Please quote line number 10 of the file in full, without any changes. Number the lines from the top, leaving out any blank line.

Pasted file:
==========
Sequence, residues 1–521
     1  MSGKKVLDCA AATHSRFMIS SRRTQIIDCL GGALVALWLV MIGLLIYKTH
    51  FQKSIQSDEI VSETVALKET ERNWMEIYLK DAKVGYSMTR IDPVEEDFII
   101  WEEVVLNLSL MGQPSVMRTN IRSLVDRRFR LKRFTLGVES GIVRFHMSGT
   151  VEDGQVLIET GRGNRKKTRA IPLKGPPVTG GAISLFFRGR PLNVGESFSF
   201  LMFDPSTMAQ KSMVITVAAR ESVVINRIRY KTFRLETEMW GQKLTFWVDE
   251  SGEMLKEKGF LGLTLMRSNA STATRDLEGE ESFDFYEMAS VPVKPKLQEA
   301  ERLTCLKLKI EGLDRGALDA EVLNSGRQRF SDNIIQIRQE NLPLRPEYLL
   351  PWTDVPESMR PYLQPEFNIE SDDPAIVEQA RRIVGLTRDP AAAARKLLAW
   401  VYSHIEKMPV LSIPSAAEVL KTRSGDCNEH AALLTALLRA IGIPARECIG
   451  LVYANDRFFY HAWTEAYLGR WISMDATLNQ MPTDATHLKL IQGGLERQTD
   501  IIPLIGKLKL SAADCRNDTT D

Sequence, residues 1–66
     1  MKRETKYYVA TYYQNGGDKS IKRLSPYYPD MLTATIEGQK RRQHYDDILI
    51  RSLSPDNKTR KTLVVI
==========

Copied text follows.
   401  VYSHIEKMPV LSIPSAAEVL KTRSGDCNEH AALLTALLRA IGIPARECIG